We found a correlation between self-reported and objectively measured sleep duration of 0.45, which is generally be considered a “moderate” correlation. The correlation is significantly lower for some subpopulations. We found evidence of systematic errors in both the mean and the calibration. The subjective mean is almost an hour greater than the measured mean at the average of 6 hours of measured sleep, and each additional hour of objective sleep is reflected by only a half hour of additional subjective reported sleep. Overall, 20 percent of the variation in subjective report of habitual sleep is explained by variation in measured sleep. We thought of two explanations for why it might be difficult to estimate usual sleep duration. One possibility is that people cannot accurately report how much they sleep on a single night; the other possibility is that high night-to-night variability makes it difficult to integrate information over 30 nights. Our data support the former. We did not find that those with smaller night-to-night differences in sleep were less biased or better calibrated than persons with greater variability. We did find that single-night estimates were only a little more accurate than the reports of habitual sleep – even though subjects concurrently kept a sleep log.
Logically, another possible factor contributing to the bias (although not the low calibration) could be a problem with the actigraphy, especially systematic underestimation of sleep duration. While our study did not include an internal validation of actigraphy, many prior studies have compared actigraphy with concurrent polysomnography, the gold standard. In a 2003 comprehensive review, correlations between actigraphy and polysomnography for duration were over 0.9 in healthy adults. (31) Correlations in clinical studies of persons with sleep disorders are lower (most between 0.7 and 0.9), and actigraphy seems to systematically overestimate sleep duration for insomniacs because still awakenings are counted as sleep. (32, 33) Most studies of healthy individuals have not found systematic bias, but when they have it is towards overestimated sleep duration. (34) Actigraphy has recently been added to several large population-based cohorts, including the Study of Women's Health Across the Nation (SWAN), (35) which focuses on the menopausal transition, and the Study of Osteoporotic Fractures, (36) which includes older women.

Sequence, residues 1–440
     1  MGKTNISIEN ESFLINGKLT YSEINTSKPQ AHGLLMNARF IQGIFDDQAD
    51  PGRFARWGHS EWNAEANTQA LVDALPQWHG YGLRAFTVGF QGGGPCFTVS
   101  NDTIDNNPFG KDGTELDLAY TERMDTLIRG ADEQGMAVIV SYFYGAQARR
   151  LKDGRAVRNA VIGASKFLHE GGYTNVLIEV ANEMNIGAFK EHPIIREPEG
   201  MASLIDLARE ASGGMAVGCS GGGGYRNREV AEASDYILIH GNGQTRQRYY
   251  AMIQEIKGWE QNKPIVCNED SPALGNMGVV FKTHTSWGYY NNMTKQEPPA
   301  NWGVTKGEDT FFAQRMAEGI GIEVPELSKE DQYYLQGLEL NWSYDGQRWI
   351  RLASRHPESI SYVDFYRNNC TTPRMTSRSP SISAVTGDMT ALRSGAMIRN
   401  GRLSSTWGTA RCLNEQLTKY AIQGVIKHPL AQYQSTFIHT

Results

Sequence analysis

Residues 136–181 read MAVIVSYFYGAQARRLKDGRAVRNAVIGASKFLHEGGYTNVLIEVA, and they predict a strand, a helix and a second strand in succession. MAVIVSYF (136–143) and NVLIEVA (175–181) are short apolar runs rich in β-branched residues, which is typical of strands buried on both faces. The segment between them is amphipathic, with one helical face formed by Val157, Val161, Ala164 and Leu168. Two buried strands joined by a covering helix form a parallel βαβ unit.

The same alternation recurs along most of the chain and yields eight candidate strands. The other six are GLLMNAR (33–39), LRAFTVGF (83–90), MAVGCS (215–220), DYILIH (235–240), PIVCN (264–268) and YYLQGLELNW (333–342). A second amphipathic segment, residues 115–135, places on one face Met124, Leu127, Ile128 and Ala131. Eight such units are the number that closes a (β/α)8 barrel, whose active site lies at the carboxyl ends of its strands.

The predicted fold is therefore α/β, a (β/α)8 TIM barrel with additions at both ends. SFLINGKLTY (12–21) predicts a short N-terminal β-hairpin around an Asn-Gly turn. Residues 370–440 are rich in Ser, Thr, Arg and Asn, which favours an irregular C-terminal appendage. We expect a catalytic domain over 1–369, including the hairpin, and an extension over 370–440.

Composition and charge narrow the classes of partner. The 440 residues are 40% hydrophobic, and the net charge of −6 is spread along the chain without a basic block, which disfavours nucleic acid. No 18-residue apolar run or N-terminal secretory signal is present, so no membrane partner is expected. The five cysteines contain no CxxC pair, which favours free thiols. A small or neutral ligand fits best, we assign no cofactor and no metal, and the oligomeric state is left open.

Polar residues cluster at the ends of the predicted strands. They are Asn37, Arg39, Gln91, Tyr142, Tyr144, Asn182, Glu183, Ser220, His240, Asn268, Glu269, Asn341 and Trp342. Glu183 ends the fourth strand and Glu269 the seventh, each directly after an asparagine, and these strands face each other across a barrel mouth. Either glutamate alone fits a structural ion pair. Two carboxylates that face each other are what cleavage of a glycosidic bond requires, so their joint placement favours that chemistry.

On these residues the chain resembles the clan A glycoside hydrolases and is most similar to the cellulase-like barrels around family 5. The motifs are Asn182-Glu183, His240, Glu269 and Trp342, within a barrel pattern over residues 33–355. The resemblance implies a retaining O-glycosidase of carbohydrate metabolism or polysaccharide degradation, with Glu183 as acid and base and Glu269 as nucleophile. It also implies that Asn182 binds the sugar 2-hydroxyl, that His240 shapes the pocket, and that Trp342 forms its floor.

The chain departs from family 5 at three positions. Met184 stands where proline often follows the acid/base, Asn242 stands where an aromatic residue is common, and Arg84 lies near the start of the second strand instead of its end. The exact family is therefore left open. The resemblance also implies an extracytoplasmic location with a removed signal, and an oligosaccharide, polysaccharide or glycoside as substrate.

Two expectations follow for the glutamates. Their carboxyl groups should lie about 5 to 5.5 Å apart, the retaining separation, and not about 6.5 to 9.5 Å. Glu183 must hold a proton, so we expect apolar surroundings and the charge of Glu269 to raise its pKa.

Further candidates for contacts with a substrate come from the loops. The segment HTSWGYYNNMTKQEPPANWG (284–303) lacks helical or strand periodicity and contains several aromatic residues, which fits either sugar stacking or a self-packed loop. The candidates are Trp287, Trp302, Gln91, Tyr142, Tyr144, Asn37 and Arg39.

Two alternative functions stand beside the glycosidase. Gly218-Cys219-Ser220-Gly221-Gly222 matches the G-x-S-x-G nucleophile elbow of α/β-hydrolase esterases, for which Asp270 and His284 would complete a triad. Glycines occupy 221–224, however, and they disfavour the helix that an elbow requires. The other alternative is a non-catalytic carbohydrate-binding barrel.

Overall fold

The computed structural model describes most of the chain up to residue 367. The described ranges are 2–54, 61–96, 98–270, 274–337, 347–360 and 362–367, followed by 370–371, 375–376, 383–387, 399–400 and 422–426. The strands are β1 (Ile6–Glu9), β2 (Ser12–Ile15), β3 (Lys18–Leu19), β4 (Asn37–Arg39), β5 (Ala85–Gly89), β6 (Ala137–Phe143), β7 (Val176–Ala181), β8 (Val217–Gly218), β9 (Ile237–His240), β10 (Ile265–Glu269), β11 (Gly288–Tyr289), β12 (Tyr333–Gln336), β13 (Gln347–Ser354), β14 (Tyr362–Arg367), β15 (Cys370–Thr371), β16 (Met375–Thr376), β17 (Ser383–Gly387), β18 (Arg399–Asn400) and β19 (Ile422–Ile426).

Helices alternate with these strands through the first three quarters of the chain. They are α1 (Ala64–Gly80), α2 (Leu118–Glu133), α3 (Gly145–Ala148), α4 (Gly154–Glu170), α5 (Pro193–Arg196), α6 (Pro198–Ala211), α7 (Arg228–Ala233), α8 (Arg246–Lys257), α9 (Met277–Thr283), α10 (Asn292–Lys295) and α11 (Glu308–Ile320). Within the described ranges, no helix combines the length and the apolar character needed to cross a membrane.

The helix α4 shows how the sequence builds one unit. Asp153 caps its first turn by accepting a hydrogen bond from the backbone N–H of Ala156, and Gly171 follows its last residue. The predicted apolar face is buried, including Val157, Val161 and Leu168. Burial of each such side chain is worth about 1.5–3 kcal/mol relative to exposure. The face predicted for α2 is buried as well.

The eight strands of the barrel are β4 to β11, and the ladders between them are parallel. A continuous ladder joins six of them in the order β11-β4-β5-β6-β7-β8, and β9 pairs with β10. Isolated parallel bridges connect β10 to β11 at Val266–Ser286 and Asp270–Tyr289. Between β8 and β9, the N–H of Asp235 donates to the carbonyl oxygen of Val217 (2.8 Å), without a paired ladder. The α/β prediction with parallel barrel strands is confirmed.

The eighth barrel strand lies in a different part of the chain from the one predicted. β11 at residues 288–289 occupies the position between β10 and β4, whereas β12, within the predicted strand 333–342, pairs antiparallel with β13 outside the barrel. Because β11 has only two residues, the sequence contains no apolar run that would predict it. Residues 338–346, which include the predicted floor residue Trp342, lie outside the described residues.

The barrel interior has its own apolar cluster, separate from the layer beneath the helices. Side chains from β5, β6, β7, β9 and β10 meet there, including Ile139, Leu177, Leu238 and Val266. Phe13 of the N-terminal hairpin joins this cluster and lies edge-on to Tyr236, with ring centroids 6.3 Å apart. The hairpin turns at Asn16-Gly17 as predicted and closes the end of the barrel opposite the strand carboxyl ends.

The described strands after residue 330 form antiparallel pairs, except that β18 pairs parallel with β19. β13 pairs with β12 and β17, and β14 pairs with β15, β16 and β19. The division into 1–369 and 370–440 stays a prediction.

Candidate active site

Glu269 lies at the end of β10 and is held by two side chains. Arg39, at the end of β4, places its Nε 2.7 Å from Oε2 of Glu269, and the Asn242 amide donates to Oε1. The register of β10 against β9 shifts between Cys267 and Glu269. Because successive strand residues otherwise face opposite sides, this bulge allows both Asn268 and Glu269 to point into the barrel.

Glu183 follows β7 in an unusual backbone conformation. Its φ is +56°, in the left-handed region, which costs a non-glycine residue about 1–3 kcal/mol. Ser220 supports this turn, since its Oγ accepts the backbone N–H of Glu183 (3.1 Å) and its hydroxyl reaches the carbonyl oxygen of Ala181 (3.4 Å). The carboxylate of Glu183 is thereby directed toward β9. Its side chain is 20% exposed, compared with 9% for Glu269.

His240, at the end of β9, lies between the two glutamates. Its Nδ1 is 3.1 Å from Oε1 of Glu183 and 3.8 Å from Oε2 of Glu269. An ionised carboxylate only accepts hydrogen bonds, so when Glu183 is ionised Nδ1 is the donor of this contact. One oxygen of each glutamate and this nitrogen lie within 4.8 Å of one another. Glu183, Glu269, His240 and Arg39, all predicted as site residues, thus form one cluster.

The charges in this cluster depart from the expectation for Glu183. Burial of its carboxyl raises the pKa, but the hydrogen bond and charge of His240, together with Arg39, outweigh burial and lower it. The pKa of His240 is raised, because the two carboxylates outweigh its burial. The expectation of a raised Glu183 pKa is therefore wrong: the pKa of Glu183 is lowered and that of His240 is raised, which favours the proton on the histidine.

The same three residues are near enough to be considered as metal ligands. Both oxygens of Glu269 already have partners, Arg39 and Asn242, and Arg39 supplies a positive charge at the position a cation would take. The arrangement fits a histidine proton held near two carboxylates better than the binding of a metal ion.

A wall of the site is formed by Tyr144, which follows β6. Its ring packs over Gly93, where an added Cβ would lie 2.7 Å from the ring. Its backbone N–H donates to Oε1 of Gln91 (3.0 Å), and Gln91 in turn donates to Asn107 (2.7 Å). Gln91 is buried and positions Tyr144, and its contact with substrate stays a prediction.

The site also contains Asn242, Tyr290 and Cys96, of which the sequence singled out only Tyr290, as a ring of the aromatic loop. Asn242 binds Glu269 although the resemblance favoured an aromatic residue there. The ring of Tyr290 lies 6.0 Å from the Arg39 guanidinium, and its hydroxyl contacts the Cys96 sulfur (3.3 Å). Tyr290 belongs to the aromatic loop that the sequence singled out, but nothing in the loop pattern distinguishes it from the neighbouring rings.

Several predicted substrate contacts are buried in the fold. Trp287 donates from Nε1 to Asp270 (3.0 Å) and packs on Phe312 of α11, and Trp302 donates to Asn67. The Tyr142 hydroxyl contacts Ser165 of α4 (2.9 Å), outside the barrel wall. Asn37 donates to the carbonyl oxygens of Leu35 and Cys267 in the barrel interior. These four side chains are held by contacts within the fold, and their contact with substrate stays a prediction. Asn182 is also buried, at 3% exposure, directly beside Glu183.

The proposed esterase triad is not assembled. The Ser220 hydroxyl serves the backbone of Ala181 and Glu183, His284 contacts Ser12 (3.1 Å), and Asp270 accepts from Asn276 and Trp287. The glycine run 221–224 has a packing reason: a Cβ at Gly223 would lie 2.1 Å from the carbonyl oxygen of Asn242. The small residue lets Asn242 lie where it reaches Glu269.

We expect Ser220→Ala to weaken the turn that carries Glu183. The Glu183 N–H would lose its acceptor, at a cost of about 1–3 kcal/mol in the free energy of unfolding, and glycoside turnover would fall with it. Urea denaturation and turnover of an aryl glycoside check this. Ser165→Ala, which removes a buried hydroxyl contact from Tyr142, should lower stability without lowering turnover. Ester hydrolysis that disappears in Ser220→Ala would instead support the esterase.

There have been very few prior validation studies of self-reported habitual sleep. One population-based study validated a usual sleep hour question by comparing it to an average of daily self-reported sleep durations, kept in a one-week log (11). The Spearman correlation was 0.79. Both were collected in the same mailing. Our finding that self-reports of single nights have similar bias and calibration as reports of habitual sleep suggests limitations to this validation.
Another study compared several self-reported measures of sleep quality and quantity to actigraphy, among postmenopausal women experiencing hot flashes. (37) Mean actigraph sleep over seven nights averaged 6.3 hours, and mean self-reported sleep averaged 6.6 hours. Women who under-estimated sleep duration were more likely to report low quality sleep. They found strong associations between poor self-reported sleep quality (often unconfirmed by actigraphy) and measures of psychological and somatic distress, consistent with complex factors influencing subjective reports about both sleep quantity and quality.